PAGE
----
|Delivering information when you need it most.
A Trio Of Magazines
Having been away on vacation, I came home to a mailbox that greeted me with the latest issues of "The Postal Worker," (APWU), "Postal Life," and "Update" (New York Metro Area). Quite a few things hit me, and I'd like to share my impressions, and see how the rest of you feel.
Basically this publication deals with all the nice stuff. It's put out by the New York Metro Area Corporate Relations Department, and focuses on nothing but the plus side of the Postal Service. And let's face it there are some nice things happening out there....not in my office, but somewhere.
Some people actually get rewarded for a job well done. Management treats the craft like human beings, and craft in turn loves management. I always feel like Dorothy in Oz when I read this one. If this were the only publication going, you would think the Postal Service was "Happyland", or added Prozac to the drinking water.
As an example, 13 carriers in San Juan, PR, were honored for their extraordinary efforts in delivering mail during Mother's Day weekend. I'm awestruck. There was an entire article about the wonderful things we did during the UPS strike, and interviews with the workers knocking themselves out to get the parcels through. There were pictures of happy workers with smiles.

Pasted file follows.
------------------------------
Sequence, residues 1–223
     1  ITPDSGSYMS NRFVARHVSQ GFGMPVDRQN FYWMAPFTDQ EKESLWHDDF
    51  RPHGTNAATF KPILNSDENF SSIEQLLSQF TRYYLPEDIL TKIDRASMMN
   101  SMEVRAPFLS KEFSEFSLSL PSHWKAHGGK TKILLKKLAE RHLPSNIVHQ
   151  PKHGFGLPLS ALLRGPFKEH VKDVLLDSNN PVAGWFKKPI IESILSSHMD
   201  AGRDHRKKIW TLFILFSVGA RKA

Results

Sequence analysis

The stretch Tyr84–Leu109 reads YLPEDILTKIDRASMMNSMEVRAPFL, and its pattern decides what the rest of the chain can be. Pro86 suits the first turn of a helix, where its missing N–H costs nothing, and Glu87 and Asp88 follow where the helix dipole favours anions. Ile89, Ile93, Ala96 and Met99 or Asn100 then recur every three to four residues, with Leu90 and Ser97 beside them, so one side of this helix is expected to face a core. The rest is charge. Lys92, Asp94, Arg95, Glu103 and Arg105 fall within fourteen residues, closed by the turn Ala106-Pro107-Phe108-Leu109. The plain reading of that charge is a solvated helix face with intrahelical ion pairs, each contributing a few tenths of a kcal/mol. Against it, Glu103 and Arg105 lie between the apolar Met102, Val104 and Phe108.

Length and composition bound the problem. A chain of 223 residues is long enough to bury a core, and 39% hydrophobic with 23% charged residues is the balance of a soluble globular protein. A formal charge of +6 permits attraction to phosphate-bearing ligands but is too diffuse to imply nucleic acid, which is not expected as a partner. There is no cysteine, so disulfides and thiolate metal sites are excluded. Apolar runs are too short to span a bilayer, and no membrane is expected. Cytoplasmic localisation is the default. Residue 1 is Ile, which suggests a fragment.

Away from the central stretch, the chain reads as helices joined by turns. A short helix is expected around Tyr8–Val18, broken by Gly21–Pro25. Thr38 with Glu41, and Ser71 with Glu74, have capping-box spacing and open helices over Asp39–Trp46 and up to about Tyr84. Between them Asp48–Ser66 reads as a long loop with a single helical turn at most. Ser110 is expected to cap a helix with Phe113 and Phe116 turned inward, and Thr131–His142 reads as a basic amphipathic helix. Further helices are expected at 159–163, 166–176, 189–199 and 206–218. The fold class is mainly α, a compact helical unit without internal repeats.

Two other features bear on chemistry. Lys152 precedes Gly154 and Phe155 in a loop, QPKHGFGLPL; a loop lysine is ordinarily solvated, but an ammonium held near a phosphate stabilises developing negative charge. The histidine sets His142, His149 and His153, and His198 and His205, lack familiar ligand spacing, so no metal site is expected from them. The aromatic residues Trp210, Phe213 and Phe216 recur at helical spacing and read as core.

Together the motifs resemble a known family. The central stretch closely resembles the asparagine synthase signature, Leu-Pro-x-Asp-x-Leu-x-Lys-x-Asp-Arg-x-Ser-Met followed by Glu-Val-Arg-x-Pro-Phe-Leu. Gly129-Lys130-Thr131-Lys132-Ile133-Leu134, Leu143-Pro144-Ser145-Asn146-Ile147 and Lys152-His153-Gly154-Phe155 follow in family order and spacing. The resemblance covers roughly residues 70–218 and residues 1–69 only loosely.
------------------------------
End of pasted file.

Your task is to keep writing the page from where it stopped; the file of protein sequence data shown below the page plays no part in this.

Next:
Of course there was a rather large article about the Emery contract to boost volume and increase postal jobs. According to them, we should be thrilled and just leaping for joy. As we continue to stroll along the yellow brick road, we come across the Board of Governors Chairman, Dr. Tirso del Junco, telling us "we are delivering record results." One of the most ambiguous statements I have ever come across, except for the reply by the PMG (Runyon) saying, "That is because the US Postal Service has made a comeback." (now there's a winner).
If you go to http://www.usps.gov/postmark/welcome.htm you'll be able to buy products from Postmark America. Let's see, if I shop there I get to use my paycheck to purchase an item glorifying the company I work for?
And, one last item which I appreciated (my age shows on this one), recognized the passing of Ray Heatherton, the Merry Mailman (1949-1968). I watched his show every day as a kid, and blame him for my career choice. I really enjoyed the show, and respected him for having a children's program worthy of being on the air. He also presented a positive image of mailmen (thank you, Ray).
We all get this one, and I consider it to be a middle-of-the-road publication. I give the editors credit for printing letters that are not so glowing about the Postal Service (from both craft and management). I find the letters in the Dialogue section most interesting because I occasionally need a kick in the head to remind me there are managers who are just as frustrated and disgruntled as the rest of us.
Case in point, a letter from a Customer Services Supervisor who was wrongly accused of sexual harassment. On the opposite end was a letter from a member of NALC Branch No. 39, Indianapolis, IN, regarding the managers and supervisors not attending the training session in empowerment and conflict resolution.